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Civil War
00000174-b11b-ddc3-a1fc-bfdbb1a20000The Schreiner University Department of History is honoring the sesquicentennial of the American Civil War with a series of short vignettes focusing on events from 1861 through 1865. The Civil War was the most destructive conflict in American history, but it was also one of our most defining moments as a people and as a nation. Let us know what you think about "This Week in the Civil War." E-mail your comments to Dr. John Huddleston at jhuddles@schreiner.edu.Airs: Weekdays at 5:19 a.m., 8:19 a.m., 4:19 p.m. on KTXI and 4:49 a.m., 9:29 p.m. on KSTX.

This Week in the Civil War - #954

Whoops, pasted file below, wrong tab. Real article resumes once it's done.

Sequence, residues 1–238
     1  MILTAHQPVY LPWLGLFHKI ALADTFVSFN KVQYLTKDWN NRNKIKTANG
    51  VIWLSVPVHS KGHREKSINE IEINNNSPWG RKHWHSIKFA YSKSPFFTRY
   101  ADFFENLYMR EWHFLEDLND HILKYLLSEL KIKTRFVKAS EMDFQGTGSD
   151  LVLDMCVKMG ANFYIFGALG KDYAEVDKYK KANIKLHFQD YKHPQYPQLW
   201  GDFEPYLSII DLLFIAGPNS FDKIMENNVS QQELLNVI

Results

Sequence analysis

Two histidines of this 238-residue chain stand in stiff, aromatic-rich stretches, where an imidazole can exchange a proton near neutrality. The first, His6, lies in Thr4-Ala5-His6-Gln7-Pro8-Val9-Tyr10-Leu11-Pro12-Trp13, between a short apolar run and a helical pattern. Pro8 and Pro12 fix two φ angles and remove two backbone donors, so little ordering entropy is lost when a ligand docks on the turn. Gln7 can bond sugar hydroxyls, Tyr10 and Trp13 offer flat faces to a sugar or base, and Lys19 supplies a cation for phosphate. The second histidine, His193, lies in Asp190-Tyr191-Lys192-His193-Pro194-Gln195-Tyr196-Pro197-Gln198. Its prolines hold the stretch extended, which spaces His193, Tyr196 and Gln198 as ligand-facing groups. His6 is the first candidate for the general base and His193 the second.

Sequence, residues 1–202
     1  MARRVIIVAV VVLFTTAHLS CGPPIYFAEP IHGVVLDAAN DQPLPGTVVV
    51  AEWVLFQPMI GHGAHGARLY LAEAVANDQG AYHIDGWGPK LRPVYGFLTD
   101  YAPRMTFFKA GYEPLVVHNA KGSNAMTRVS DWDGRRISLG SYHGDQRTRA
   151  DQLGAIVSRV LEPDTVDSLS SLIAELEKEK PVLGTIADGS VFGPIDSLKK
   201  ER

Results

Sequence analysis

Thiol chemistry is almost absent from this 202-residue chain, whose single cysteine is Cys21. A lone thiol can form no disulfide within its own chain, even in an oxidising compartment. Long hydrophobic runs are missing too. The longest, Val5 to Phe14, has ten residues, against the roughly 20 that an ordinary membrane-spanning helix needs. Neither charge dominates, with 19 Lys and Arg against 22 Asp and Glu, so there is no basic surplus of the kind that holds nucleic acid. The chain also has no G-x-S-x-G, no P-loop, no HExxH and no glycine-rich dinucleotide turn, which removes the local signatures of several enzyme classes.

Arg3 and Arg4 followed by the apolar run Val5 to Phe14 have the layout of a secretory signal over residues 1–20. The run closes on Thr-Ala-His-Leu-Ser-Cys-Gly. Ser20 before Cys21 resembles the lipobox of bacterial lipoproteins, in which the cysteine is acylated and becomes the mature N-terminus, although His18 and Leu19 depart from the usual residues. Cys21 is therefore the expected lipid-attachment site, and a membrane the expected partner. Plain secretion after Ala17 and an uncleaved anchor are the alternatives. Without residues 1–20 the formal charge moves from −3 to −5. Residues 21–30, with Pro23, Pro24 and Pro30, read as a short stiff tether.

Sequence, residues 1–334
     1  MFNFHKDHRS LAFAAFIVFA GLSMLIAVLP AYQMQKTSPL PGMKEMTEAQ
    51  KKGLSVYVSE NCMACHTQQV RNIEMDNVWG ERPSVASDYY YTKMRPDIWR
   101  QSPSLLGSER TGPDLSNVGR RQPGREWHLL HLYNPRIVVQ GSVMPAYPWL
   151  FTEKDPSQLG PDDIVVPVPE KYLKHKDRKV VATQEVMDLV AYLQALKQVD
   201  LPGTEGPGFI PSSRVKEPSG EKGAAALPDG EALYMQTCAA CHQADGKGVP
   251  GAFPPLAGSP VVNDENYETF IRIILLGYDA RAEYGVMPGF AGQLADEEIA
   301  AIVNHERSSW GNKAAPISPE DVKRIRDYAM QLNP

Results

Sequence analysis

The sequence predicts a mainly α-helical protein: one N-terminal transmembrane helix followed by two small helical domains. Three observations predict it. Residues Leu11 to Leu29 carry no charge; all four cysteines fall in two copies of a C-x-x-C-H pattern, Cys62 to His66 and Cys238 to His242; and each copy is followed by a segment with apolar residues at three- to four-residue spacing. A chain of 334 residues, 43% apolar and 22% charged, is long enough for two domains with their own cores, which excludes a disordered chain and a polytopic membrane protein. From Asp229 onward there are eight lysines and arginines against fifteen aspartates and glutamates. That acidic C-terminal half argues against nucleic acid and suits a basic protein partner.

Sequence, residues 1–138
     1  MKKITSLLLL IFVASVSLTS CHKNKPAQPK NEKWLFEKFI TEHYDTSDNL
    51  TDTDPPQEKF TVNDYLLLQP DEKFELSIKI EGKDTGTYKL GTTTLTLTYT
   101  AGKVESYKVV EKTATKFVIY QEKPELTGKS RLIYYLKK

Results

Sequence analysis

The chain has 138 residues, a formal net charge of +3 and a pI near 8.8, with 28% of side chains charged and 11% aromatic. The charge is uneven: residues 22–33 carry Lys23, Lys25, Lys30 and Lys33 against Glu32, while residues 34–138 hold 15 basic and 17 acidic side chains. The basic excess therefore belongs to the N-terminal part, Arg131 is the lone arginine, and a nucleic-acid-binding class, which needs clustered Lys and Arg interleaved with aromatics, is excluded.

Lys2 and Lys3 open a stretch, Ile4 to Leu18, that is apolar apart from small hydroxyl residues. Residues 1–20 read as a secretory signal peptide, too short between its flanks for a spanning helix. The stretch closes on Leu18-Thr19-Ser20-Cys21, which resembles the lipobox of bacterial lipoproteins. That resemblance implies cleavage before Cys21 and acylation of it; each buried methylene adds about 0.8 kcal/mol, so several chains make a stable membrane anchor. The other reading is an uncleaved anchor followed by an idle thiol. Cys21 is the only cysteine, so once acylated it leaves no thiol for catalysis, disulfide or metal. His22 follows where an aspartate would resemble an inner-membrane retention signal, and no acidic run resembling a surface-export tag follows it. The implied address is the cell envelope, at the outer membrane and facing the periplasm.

Learning of Nathan Bedford Forrest’s raid against Johnsonville, Tennessee, Union General William Tecumseh Sherman wrote  “….that devil Forrest was down about Johnsonville and was making havoc among the gun-boats and transports.” Forrest’s raid resulted in extensive damage to Federal gunboats, transports, barges, warehouses, open storage, and two wagon trains; the estimated damage of $6.7 million disrupted Union General Thomas’ supply lines against Confederate held Nashville and diverted numerous Union units into the field.  After his successful raid, Forrest then withdrew essentially unscathed except for the loss of his “navy” and headed south by way of Corinth, Mississippi to reunite with Hood’s army which was preparing to invade Tennessee.  Forrest, one of the most successful advocates of mobile horse cavalry, would continue his raiding until the end of the war.